Ohio State Submitting to Embarrassment Opponents Inflict

Bruce Hooley

Penn State's 90-76 humbling of No. 21 Ohio State was all but official when something happened that bought the lament of a former OSU coach echoing loudly from more than 20 years in the past.

As Lamar Stevens approached mid-court Saturday, 2:30 remained on the clock and the Lions owned a 12-point lead.

There wasn't likely time for the Buckeyes to rally, and Stevens had already turned in a tidy, efficient performance with a team-high 16 points, despite battling foul issues.

It was the juncture of the game where, given the score, Penn State figured to consume most of the shot clock, forcing OSU to foul.

Except Stevens, as he approached the center line, saw an opportunity to accentuate his team's atonement for a 106-74 loss in Columbus five weeks earlier.

So, instead of pulling the ball out and submitting to polite basketball convention, Stevens drove quickly past an unsuspecting OSU freshman E.J. Liddell and pounded down the lane toward the basket.

As he approached the bottom of the free throw circle, Stevens leaped and rose high, dunking thunderously as Ohio State's Kaleb and Andre Wesson both ducked for cover, rather than challenge him at the rim.

It was the final act of submission in an afternoon of thank-you-sir-may-I-have-another lethargy from the Buckeyes, who have free-fallen from No. 2 in the polls to likely out of the Top 25 Monday after a fifth loss in six games.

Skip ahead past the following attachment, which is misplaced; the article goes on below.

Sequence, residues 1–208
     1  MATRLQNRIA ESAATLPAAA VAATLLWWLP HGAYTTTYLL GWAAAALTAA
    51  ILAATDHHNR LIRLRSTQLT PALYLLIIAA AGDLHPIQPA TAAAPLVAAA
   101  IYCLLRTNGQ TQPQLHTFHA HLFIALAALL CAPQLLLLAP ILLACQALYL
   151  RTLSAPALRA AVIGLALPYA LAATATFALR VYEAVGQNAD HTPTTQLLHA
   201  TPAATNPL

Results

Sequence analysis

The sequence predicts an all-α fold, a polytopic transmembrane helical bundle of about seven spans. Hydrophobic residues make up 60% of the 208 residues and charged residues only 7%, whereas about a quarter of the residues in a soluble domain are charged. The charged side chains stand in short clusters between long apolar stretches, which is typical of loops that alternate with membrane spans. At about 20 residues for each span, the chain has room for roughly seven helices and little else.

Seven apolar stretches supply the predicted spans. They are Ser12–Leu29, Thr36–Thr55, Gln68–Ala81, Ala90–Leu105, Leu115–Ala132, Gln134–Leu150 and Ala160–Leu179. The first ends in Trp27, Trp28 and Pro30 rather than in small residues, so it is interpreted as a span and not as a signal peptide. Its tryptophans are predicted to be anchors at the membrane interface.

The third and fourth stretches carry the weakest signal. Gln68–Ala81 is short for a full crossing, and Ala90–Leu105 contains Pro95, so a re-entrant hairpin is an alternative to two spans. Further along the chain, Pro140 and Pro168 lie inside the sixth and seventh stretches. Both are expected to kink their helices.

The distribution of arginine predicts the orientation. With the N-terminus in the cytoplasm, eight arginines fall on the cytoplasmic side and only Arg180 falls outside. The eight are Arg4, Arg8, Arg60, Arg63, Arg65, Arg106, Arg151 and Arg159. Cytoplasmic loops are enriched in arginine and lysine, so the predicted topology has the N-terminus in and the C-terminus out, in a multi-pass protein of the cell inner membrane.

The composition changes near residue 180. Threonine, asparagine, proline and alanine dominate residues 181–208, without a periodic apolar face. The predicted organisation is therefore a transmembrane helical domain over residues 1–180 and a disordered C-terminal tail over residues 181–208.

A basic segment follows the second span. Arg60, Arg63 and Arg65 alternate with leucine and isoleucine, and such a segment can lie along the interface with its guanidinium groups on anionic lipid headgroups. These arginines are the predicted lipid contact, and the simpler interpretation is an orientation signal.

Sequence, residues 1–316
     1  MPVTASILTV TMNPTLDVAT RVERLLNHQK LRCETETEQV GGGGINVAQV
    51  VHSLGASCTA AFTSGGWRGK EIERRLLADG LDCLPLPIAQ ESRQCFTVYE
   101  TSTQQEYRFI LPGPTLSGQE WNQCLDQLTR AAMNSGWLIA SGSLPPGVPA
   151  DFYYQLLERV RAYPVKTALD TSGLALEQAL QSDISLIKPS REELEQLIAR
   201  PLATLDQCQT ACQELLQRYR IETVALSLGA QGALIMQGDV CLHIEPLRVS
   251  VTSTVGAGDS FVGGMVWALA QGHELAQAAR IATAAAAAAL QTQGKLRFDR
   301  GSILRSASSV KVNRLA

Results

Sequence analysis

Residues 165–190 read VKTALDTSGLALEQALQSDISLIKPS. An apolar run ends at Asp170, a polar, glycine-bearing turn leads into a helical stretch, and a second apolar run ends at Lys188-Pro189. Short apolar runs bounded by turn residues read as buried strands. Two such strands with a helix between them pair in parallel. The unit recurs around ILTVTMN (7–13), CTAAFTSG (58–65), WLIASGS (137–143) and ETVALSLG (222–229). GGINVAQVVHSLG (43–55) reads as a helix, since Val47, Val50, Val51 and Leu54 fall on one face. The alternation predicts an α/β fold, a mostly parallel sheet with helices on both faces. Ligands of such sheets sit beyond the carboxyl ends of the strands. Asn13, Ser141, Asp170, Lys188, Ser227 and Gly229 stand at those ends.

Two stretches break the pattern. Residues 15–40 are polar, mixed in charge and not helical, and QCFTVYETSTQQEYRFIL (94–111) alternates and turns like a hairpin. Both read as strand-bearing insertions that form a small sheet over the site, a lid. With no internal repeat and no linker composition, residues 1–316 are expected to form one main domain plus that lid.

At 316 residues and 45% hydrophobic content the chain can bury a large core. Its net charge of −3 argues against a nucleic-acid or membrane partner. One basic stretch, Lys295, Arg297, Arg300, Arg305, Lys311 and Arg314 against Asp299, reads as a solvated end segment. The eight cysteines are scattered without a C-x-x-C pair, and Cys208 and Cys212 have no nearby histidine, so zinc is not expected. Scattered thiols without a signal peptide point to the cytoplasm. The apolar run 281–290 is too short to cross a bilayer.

Somewhere, the raspy-voiced words of former OSU coach Jim O'Brien spoke to the posterization of Liddell and the Wesson brothers, who in that instance served to typify the timidity they and their teammates have played with for the better part of three weeks.

"You'd think somebody would knock him on his ass," O'Brien fumed back during his first season in 1998, when the Buckeyes passively allowed Minnesota's Sam Jacobson to pad his scoring average with repeated shots late in a blowout at Williams Arena.

O'Brien's first team then was on its way to an 18-game Big Ten losing streak -- something probably well beyond the ineptitude of the roster at Chris Holtmann's disposal, although in mindset this bunch is proving as weak-willed as any OSU squad since the disinterested JaQuan Lyle-Marc Loving squad that got Thad Matta fired four years ago.

There's been precious little enough's-enough on display lately from the third team under Holtmann's direction, and if some doesn't start showing up soon, it'll go from being the sixth team to reach No. 2 and then fall out of the polls in the same season to an even more select group of teams once ranked No. 2 to fall all the way out of the NCAA Tournament.

The Buckeyes get Minnesota -- which spanked them, 84-71, in early December -- on Thursday at home and then travel to Northwestern on Sunday.

Those two games are must-haves, as is the next one, a Feb. 1 home date with Indiana.

That would get OSU back to .500 in the Big Ten, after which things won't be easy, with back-to-back road games at Michigan and Wisconsin, but at least then there would be a path to a break-even finish in the conference and a certain NCAA berth.

But if the Buckeyes don't tire quickly of being the punchline on opposing players' highlight reels, they'll have a very long summer to ponder how a season of such promise deteriorated into one of the bigger collapses in Ohio State basketball history.

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